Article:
Any book endorsed by Vandana Shiva has to be worth reading, and this one certainly is, not least for the array of examples of sustainability in operation around the world and the genuine optimism about the possibilities for change emanating from these two writers, both key members of the World Future Council.

Bianca Jagger, in her foreword, describes it as “ground-breaking” in its detail of how we can move from a carbon-driven economy towards a carbon-absorbing economy, from a disposable world to a renewable one. There has, of course, been much analysis about the former, but a great deal less has been written about how the latter, the renewable world, can come about at both individual and government levels.

This book, whilst still outlining some of the key climate-change and energy shortages facing us, concentrates on how to make the transition to a world that stabilises the Earth’s atmosphere at 350 carbon dioxide molecules per million, runs on renewable energy, renews local economies and urban habitats, creates equal opportunities, invigorates international cooperation and does not deplete natural capital. In doing this, the authors do not shrink from discussing difficult questions about nuclear power, biofuels, carbon taxes and carbon capture and storage (CCS), stressing that the facts are often unclear and the debate far from over.

However, the main theme of the book is not only to clearly define climate stabilisation as a fundamental necessity for long-term security, but also to see it as an opportunity for creating a more just and peaceful world. Tackling poverty is part of sustainable development. Ethics are as important as economics, and energy equality requires a new balance of energy consumption across the world.

International cooperation and inter-national policies will be required because a local-only strategy, though imperative, has no hope of reforming the global energy, food, trade and financial systems. But, even more important, there is too much at stake to leave it all to market forces or personal action. It is worth remembering that the Stern Report (2006) said that climate change represents the greatest market failure the world has seen.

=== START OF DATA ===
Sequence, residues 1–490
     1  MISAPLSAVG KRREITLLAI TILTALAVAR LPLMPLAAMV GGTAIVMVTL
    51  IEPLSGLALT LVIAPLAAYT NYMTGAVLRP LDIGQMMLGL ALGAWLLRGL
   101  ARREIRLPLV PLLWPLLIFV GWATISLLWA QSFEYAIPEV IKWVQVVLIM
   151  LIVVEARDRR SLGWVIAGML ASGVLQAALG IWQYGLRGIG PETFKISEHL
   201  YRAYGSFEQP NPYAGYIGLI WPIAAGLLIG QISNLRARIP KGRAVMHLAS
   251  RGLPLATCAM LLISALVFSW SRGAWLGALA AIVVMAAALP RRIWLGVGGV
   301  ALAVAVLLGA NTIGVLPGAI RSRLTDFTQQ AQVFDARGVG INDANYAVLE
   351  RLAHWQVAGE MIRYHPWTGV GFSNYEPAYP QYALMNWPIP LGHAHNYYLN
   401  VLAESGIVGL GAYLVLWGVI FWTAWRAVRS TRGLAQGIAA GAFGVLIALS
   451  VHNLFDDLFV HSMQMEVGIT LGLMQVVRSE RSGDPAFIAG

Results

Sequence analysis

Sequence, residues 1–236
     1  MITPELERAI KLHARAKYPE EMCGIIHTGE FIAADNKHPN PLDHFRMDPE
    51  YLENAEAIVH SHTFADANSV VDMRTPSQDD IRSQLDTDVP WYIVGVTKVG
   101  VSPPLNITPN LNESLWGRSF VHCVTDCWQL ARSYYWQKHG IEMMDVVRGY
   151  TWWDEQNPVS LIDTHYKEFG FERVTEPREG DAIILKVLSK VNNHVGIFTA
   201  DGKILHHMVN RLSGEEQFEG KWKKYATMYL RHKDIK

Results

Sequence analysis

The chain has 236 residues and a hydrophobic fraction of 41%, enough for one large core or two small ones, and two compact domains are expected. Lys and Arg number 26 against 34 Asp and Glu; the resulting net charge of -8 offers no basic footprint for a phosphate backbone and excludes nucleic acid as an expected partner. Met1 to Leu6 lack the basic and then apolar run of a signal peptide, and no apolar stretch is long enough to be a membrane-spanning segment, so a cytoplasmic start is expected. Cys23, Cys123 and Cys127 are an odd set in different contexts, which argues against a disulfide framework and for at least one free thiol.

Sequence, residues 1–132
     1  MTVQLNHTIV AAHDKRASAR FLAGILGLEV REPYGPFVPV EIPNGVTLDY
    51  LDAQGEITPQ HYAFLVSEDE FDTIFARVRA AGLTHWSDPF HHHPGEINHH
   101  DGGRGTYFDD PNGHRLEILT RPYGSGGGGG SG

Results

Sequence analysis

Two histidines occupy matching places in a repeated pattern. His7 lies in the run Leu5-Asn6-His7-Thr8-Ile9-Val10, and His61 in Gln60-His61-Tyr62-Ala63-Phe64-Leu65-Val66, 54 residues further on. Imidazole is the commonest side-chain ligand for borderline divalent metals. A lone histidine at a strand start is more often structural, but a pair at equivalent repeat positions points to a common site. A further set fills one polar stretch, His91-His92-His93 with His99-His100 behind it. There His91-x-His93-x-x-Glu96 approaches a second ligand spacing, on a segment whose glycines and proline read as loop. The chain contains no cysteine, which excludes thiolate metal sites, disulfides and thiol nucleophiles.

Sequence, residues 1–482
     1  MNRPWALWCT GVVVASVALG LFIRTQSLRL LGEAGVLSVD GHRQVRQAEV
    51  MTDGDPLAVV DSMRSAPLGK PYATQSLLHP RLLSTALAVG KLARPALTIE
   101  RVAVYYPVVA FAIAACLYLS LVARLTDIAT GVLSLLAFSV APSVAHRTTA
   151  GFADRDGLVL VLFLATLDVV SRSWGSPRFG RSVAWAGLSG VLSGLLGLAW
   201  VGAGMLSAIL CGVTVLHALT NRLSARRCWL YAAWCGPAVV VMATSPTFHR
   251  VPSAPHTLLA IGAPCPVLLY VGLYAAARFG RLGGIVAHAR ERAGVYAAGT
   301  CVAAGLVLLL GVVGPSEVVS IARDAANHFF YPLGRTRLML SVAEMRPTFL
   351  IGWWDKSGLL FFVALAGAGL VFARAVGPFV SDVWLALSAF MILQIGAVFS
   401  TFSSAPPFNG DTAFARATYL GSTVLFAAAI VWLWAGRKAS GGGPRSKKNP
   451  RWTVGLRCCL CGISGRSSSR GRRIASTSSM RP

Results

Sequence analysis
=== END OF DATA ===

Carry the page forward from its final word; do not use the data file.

The book is divided into clear, well-argued chapters but its strength lies in the examples it gives of current actions and policies. The Billion Tree programme in Kenya has been much heralded, as have the many examples of jobs being created by the green-collar economy. However, the book deals with more specific examples in some detail and a few can be mentioned here.

The first is at government level: Ecuador’s new radical constitution is the first in the world to extend “inalienable rights” to Nature, including the right to be free from exploitation and harmful environmental consequences – not bad for a country that opened its Amazon forest to oil companies thirty years ago in order to service its debts to US creditors and the International Monetary Fund.

In India, the Navdanya movement has pioneered the saving of seed with the active participation of the local communities, so that local farmers do not have to rely on the multinational seed companies. On a local level, the “bio energy village” of Jühnde in Germany shows that 100% of energy needs can be supplied by renewables: in this case, a 700kW biogas installation and a 550kW wood-chip heating plant providing electricity and heat for 140 households.

Spain’s first major solar station, near Seville, consists of a 90-metre-high tower surrounded by 624 mirrors and will supply enough energy for 60,000 homes. In the UK, the town of Lewes (one of some 200 Transition Towns in the UK) is attempting to rebuild its once-vibrant web of local businesses and traders.

The authors conclude that the concept of ‘a renewable world’ is still in the making and that they have only defined some of the key steps that we all need to take. However, action is needed quickly, and maybe the current global financial climate will help as it forces people to rethink values and lifestyles. This is certainly a timely book that explores many emerging ideas and solutions to the huge problem of climate change.

Ken Martin is a former lecturer at the University of Plymouth.